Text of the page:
Can you dress yourself happy? That’s what the practice of dopamine dressing suggests. As the name suggests, dopamine dressing is a way to increase the “happy hormone” — all by using clothes already in your wardrobe. It’s not exactly a new trend, per se, being featured in Grazia and The Guardian in 2017, but it’s one that’s seeing renewed prominence as we struggle with our mental health throughout the pandemic — especially those in lockdown (thinking of you, Melbourne), who are sick of their sweats.
In fact, it’s something I’ve used as an extra coping mechanism throughout my depression; I just never realised it had a name. It’s a movement that fashion psychologists stand behind, including US fashion psychologist Dawnn Karen. Talking to Vogue, she says it’s about “dressing to best optimise your mood”. We so often focus on the internal when it comes to mood — journalling, meditation, being kinder to yourself — that we ignore how the external can help influence mood.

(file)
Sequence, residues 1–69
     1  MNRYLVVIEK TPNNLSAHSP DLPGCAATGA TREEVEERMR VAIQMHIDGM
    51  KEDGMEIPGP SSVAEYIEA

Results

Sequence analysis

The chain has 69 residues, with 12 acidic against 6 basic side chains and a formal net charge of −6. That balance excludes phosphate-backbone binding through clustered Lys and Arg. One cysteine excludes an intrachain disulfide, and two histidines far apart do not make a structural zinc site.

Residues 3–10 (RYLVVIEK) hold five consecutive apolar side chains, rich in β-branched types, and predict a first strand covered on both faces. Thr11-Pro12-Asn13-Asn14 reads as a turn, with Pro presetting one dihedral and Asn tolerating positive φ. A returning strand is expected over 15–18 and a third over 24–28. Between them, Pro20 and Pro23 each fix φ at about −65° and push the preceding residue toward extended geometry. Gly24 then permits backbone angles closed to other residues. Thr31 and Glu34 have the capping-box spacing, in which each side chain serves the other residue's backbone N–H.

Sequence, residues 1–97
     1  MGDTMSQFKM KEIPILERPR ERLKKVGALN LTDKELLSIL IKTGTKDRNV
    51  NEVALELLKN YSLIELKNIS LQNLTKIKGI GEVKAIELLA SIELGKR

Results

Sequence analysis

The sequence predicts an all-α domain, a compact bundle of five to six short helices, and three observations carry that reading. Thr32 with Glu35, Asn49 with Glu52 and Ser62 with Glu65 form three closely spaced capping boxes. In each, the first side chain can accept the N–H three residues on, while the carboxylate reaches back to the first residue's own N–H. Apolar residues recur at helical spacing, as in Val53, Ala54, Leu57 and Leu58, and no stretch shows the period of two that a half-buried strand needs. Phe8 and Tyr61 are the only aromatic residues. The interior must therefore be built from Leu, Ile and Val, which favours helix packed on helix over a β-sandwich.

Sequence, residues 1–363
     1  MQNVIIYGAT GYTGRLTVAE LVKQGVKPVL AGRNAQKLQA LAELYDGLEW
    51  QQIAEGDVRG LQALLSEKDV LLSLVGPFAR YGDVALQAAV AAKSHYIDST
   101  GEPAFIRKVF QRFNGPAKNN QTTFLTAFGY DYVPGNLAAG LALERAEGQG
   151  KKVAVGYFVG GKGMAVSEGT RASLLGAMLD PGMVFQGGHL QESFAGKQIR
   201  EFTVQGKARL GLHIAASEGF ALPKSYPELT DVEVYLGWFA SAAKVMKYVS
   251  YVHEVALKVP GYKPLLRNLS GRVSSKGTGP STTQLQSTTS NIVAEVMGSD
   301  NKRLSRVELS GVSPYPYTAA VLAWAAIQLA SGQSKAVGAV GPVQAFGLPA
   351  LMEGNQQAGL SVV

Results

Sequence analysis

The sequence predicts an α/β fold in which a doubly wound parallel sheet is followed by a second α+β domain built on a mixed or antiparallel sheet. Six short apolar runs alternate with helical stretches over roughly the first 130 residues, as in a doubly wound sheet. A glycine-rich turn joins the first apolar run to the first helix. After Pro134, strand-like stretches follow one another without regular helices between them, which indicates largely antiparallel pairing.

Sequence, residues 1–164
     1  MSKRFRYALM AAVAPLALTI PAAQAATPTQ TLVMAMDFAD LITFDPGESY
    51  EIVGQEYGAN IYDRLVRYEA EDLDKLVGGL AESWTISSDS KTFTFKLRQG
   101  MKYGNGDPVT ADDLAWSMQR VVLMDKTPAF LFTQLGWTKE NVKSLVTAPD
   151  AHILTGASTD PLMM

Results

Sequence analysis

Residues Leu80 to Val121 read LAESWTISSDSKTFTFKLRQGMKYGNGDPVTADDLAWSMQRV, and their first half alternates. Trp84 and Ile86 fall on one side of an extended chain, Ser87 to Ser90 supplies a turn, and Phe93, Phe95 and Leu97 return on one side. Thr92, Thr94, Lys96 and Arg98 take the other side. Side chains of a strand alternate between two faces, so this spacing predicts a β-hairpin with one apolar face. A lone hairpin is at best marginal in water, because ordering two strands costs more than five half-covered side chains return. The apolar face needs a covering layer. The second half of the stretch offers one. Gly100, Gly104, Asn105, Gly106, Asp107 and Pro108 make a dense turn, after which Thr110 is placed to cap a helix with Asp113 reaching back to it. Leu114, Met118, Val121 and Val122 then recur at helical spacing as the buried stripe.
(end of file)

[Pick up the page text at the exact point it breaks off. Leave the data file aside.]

An oft-cited paper from 2012 delved into the idea of clothes ability to affect our thoughts — “enclothed cognition”. What did it find? That the psychological influence of clothes depends on who’s wearing them, and the symbolic meaning behind them.
If you’re averse to colour, don’t worry — dopamine dressing doesn’t mean wearing the cheeriest colours you can find. Unless, like me, that’s what you naturally gravitate towards.
According to behavioural psychologist Carolyn Mair, speaking to EVOKE, “Colours only have ‘meaning’ through socio-cultural association.” For some, black is funeral attire, and for others, it’s a slinky, sexy colour. “Any colour can lift our mood depending on the association we have with it and the expectation we have of the outcome of wearing it.”
So what should you wear? Well, the best — the most sustainable — option is to shop your wardrobe first. See if there are any garments in there that spark joy, as the wise Marie Kondo would say. And it doesn’t have to be an entire outfit that sparks joy — it could be as simple as a sustainable, ethically sourced piece of jewellery.
Most importantly, make sure it’s something that you’re comfortable in — both aesthetically and physically. How are you going to be happy wearing something that cuts you in awkward places?